Top 5 Facilities Management Challenges – PART 3

Today we will look at Part 3 of our series on the Top 5 Facilities Management Challenges.

Today we are going to look at the 3rd challenge (Remember we are reviewing these in reverse order…to see Part 1 and 2…which are numbers 5 and 4 on the list…go to our BLOG). As a reminder, the research we are quoting from was published by Corrigo, Inc who specializes in work order and time tracking solutions. There article lists the Top 5 Facilities Management challenges based on a survey they conducted of over 1,200 companies.

Challenge #3 Getting more work done with fewer resources

Not a single company surveyed indicated that an increase in work load was the least of their concerns – for nearly everyone, it was in the top three. Given these belt-tightening times, this comes as no surprise. One factor contributing to the increased burden on facility management teams is the reduction in their company’s field technician staffing. This may seem counter-intuitive, but as budget cuts move more work to vendors, the burden of vendor recruitment, selection and management falls to the facility management organization.

According to one property manager, “My biggest worry is finding dependable vendors at reasonable prices.” This sentiment was echoed in various ways by others. “Many of our smaller contractors aren’t around anymore. It’s a lot of work finding new ones, and then the work is just beginning because you have a new relationship to manage, pricing agreements to set up, and a lot of paperwork to get straight,” said a restaurant facility manager.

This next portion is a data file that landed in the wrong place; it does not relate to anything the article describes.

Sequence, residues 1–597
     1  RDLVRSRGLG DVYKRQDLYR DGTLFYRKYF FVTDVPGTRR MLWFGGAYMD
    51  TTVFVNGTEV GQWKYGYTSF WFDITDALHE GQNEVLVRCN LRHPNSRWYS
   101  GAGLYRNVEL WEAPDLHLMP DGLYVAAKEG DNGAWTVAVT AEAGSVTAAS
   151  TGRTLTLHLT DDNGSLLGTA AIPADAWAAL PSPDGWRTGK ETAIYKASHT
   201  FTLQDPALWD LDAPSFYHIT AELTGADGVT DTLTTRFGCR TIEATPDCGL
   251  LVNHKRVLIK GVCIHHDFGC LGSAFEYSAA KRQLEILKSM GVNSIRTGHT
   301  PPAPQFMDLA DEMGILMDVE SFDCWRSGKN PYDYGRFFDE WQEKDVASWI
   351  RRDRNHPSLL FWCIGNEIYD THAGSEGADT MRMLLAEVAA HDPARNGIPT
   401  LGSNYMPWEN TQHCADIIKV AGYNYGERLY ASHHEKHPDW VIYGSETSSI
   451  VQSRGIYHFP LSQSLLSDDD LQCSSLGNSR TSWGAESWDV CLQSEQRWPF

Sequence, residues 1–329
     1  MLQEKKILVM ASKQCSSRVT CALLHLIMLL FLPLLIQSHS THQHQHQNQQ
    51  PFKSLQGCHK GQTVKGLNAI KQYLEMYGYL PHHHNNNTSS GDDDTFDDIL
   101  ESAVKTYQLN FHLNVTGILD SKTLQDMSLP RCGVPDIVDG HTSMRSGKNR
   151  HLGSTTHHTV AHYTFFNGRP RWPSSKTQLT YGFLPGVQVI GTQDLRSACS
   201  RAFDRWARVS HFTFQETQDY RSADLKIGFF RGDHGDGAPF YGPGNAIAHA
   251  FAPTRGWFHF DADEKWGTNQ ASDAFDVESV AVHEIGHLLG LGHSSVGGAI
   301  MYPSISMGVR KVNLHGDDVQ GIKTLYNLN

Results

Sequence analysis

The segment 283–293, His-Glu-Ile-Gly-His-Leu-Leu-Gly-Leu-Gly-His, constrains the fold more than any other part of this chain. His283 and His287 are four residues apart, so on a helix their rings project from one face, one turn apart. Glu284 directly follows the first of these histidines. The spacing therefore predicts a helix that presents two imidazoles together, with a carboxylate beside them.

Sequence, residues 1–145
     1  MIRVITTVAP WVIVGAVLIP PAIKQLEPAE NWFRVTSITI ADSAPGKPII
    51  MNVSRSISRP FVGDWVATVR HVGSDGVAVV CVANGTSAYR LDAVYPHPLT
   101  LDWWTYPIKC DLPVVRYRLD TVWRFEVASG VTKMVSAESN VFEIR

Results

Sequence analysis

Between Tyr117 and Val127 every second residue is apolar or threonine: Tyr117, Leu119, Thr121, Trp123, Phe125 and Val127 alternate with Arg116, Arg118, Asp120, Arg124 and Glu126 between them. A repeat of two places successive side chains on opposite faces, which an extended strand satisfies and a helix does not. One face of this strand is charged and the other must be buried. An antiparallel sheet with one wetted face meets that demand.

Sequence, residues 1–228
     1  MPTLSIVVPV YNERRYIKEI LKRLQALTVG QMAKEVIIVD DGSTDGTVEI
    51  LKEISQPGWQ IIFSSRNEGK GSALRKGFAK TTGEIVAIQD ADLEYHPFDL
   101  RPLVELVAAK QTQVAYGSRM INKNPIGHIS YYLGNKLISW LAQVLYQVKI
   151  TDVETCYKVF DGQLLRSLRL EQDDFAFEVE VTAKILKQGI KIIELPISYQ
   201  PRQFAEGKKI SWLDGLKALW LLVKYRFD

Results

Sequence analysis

In addition to on-boarding new vendors, the task of ongoing communications with existing ones was identified as a big part of the day-to-day work load placed on the shoulders of facility managers. “We work with literally hundreds of service providers,” said a facility services director for a government organization, “and on any given day, my team is not only dispatching them, but also tracking their work progress, making sure invoices for completed work match up with work orders – it adds up to a lot of phone calls, emails, and faxes.”


Doing more with fewer resources is not a temporary situation – in a competitive market, you’ll always have pressure to keep operational costs as low as possible. To succeed in this environment, you need tools that extend your reach and productivity.

What Facility Managers are Doing:
• Moving away from ad hoc communications by phone, fax and email
• Sharing a common platform with their clients and vendors to process work requests electronically
• Automating vendor job routing via intelligent systems